Leaking & Direct Action
When the National Security Bill was first revealed, a number of observers seemed somewhat sanguine about it on the basis that the foreign power condition needed to be met before a conviction could be secured under Section 1.
The Freedom of Information Campaign, for example, tweeted:
The government appears to have dropped plans to tighten the 1989 Official Secrets Act which punishes the leaking of certain classes of information. Today's National Security Bill replaces the 1911, 1920 and 1939 OSAs but makes no substantive change to the 1989 Act. #FOI
— Campaign for Freedom of Information (@CampaignFoI) May 11, 2022
When journalist Richard Spence asked about the potential life sentence, they replied:
That applies only where the 'foreign power condition is met in relation to the person’s conduct'. Not to the unauthorised disclosure of information caught by the 1989 Official Secrets Act.
— Campaign for Freedom of Information (@CampaignFoI) May 13, 2022
Since then, however, the Freedom of Information Campaign, jointly with Article 19, submitted a brief for MPs making clear that journalists and civil society activists who receive some foreign funding and yet are engaged in “legitimate activities” could be caught by this bill.
The Bill appears to have cross-party support (with few dissenters) amid seeming hysteria over alleged Chinese government influence operations.
Laws are versatile and can, if not strictly drafted, be used in circumstances that even the original drafters had not intended. All it requires is for a prosecutor to be willing to bring a case and for a judge to allow it to go forward.
Beyond Stated Purpose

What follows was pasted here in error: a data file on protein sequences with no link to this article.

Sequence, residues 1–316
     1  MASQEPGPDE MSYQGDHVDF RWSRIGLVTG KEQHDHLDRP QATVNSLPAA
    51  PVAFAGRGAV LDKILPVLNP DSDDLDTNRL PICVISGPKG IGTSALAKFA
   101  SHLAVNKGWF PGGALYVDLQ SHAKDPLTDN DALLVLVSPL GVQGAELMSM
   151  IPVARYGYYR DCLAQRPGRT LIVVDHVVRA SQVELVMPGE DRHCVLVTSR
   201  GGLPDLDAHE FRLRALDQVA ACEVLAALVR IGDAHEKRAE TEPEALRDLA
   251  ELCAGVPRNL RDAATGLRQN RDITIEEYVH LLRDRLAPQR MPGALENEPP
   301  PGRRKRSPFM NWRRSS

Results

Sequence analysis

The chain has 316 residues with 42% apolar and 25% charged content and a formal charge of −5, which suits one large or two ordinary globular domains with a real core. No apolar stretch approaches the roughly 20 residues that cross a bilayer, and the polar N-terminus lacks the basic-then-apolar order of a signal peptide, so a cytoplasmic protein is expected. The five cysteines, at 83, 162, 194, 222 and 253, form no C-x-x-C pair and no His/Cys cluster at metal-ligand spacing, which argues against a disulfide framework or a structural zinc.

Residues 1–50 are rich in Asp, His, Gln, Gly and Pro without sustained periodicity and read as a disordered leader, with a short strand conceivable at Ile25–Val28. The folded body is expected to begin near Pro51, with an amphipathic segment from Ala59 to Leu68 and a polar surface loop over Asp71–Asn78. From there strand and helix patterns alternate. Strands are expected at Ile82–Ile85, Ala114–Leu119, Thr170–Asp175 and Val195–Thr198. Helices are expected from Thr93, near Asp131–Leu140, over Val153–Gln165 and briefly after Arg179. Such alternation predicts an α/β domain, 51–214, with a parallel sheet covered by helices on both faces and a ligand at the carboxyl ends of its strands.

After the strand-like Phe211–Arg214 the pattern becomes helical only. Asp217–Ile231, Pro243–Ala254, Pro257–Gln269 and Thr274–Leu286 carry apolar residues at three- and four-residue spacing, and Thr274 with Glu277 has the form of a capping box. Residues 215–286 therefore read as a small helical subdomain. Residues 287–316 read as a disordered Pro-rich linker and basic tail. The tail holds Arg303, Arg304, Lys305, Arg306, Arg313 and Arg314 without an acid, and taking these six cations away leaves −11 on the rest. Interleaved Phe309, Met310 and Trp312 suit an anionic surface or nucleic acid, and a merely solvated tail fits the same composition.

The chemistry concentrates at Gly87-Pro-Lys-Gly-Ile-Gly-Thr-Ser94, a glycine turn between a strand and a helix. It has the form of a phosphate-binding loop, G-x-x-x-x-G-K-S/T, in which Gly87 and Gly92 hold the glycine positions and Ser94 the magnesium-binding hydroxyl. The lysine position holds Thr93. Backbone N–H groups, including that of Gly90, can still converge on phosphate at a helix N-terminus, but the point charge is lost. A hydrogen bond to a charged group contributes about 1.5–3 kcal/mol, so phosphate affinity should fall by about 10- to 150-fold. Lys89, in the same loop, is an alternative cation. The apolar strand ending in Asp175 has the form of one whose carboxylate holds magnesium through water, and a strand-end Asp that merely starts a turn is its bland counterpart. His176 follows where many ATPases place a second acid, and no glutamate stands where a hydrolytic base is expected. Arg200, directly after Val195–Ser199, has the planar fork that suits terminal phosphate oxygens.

The Espionage Act is a perfect case in point. Ostensibly created to protect the U.S. from German spies during WWI, it was used to successfully prosecute people for their opposition to their country’s involvement in the war. Their convictions were upheld on appeal despite the fact that the First Amendment protects freedom of speech and freedom of the press.
Decades later the administration of Richard Nixon used the same act to prosecute Pentagon Papers whistleblower Daniel Ellsberg. The governments of George W. Bush and Barack Obama would then use the law, again to target whistleblowers such as John Kiriakou who revealed C.I.A. torture, Jeffrey Sterling who used official channels to blow the whistle on a dangerous and ultimately botched plot to undermine Iran’s nuclear program and Daniel Hale who revealed that 90 percent of those killed by U.S. drones in Afghanistan were civilians.
Now this same 1917 law is being used to prosecute Assange, an award-winning journalist, for publishing “restricted” documents while based outside the U.S.
During a debate, Margaret Ferrier, an independent MP from Scotland, asked whether the home secretary has “considered the dangers to freedom of the press that the National Security Bill presents.”